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That cat is out of the bag. Everyone saw what happened at Fukushima and Chernobyl. I think it is worthwhile to point out that those disasters are physically impossible in some of the newer designs.

I think it is more akin to starting an old car and a new car. When cars were started with a hand crank it was entirely possible to break your arm or lose a limb when starting a car. Now that is physically impossible. It’s a change in technology, not just an effort to do better with the same technology.

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Except that what most people think happened at those place is quite different from what actually happened. A recent report by UNSCEAR concludes:

No adverse health effects among Fukushima residents have been documented that could be directly attributed to radiation exposure from the accident, nor are any expected to be detectable in the future.

Although, this mostly confirms the conclusions in their 2013 report. There is also that one worker who got cancer that was attributed to the accident, but that’s a matter of legal policy wherein if a worker is exposed to a certain dose of radiation and later is diagnosed with cancer they are eligible for compensation. But sure, we can count 1 as a conservative observed death toll from Fukushima radiation.

Even with Chernobyl, the worst civilian nuclear disaster in history, of the ~1000 people that were on site during the accident (incl. plant operators and firefighters), 2 died from the explosion and ~130 experienced ARS, which killed 50. Among the public, the only noticeable radiation related effect was thyroid cancer from Iodine-131. This occurred because people drank milk produced by cows that ate the grass that was coated with I-131 dust. Some 4000 instances of thyroid cancer were observed. Luckily, thyroid cancer is very treatable with a high >99% survival rate. About 9 succumbed to thyroid cancer. So the observed death toll is ~60.
It’s estimated that an additional ~3940 cancer related deaths could eventually be caused by radiation exposure among the 200.000 liquidators and 400.000 residents, which were among the cohorts that received the highest radiation doses (outside those that experienced ARS). Considering that spontaneous cancer rate among the public has a baseline of about 25%, this estimated number represents only an increase of 3% in relative risk; i.e. a change from 25.00% to 25.75%. Such a small difference would difficult to distinguish from statistical noise in public health studies. And even this might be an overestimate, because it relies on assumptions about the effects of low radiation doses. Regarding the environmental impact, at first many plants and animals died in the surroundings. However, after the radiation levels subsided, nature bounced back. Today, the exclusion zone effectively functions as a wild life sanctuary. This doesn’t mean radiation is good for the ecosystem. It does mean that ordinary human activity like farming, deforestation, maintaining roads and infrastructure, etc is much worse relative to the worst nuclear disaster in history. See WHO report.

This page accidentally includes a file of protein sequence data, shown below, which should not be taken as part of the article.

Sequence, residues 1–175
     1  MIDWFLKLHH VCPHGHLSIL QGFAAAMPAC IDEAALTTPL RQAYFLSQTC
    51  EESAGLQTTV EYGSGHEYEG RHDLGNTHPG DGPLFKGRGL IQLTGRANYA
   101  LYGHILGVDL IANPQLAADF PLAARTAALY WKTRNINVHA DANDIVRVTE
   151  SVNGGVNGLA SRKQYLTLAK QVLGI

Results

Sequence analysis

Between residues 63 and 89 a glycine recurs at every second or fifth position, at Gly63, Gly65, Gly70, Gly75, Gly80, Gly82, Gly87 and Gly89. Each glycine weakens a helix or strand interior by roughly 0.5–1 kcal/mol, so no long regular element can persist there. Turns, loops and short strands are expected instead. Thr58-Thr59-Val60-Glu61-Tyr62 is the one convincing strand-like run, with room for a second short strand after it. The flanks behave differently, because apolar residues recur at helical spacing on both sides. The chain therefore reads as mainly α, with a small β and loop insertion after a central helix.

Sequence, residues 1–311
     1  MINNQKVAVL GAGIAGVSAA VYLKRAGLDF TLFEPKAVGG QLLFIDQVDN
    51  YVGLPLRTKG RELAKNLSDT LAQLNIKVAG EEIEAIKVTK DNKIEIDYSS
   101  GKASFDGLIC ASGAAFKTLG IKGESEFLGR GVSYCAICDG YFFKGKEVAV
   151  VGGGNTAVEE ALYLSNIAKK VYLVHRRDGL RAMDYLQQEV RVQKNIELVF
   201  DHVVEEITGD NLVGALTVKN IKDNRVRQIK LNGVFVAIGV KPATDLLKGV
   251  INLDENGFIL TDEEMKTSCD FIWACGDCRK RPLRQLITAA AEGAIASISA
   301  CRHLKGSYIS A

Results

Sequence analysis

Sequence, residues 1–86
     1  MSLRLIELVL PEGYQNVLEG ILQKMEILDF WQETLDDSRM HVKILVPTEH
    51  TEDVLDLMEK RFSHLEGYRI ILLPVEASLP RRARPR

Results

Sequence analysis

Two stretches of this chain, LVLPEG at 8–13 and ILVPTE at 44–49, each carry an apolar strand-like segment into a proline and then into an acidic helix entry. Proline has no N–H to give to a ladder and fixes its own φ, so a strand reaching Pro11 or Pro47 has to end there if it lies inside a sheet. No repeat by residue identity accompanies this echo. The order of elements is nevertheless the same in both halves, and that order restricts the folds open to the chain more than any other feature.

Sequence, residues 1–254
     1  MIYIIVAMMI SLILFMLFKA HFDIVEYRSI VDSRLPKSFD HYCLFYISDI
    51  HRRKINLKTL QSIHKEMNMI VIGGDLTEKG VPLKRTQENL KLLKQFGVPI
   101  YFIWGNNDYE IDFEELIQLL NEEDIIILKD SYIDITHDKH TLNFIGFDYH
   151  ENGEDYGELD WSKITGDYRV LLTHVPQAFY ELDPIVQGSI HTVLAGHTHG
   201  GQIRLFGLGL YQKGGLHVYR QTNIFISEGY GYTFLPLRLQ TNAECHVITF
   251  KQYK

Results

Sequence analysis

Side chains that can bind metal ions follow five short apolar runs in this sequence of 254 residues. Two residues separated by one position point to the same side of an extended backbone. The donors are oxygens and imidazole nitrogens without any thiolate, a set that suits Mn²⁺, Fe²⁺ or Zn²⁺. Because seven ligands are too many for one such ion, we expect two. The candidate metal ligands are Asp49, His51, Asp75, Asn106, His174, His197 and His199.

Most people are perplexed when hearing these results. In fact, I have been called a shill for the nuclear industry for simply presenting these figures to them. There is also this conspiracy theory going around in anti-nuclear circles claiming that several international scientific institutions such as the WHO, IAEA, UNSCEAR are covering up hundreds of thousands or millions of deaths from these accidents. Even among the general public, it’s common for people overestimate the death toll of these accidents by one or several orders of magnitude, which gives strength to the persistent myth that nuclear energy is inherently unsafe. Why is there such a distorted perception? It’s easy to blame anti-nuclear greens from spreading such myths (that is certainly part of it), but I mainly blame the lack of comprehensive public communication. I also would argue that this perception only gets reinforced every time when someone goes to the public and says something like:

“These new nuclear power reactors are not like the ones you know. They are much much safer. Trust me.”

This implicit bashing of old nuclear reactors isn’t helpful.

And it’s not like overestimating the risks of old nuclear is inconsequential. That is (or rather should be) the big lesson from both Chernobyl and Fukushima. Quoting the abstract of David Ropeik’s paper:

Deep fear of nuclear radiation is widespread, yet research on radiation’s biological effects finds that the level of alarm far exceeds the actual danger. This “radiophobia” has roots in the fear of nuclear weapons, but has been significantly reinforced and inflamed by accidents at nuclear power plants. Radiophobia does far more harm to human health than the radiation released by nuclear accidents. In some cases, the harm results from disaster response. The influence of radiophobia on society’s energy choices poses great additional dangers.

At Fukushima, while none (or only 1) died from radiation, about a few hundred or +1000 died as the result from a botched evacuation where old people were forced out of their care homes and cramped into busses that got stuck in traffic for days, often without access to medical care, food, or water. To add more insult to injury, a study showed that the evacuation itself was completely unnecessary. The same study also shows that 75% of those that were relocated after Chernobyl constituted an overreaction. An interesting line from the Chernobyl concludes that:

“the mental health impact of Chernobyl is the largest public health problem unleashed by the accident to date”.

This resulted from the trauma and stress experienced after relocation, in addition to severe anxiety and fear from:

“an exaggerated sense of the danger to their health from radiation exposure and a belief in a shorter life expectancy. Anxiety over the health effects of radiation shows no signs of diminishing and may even be spreading.”

Even the older designs. That’s why I said PWRs. The Chernobyl scenario cannot happen with PWRs. Not even with currently existing RBMK reactors, after the retrofits. So while it’s true that modern reactors continue to keep getting safer, we should be emphasising how safe the old reactors are / always have been.


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Thanks for the post @Nesslig20 . It is really helpful.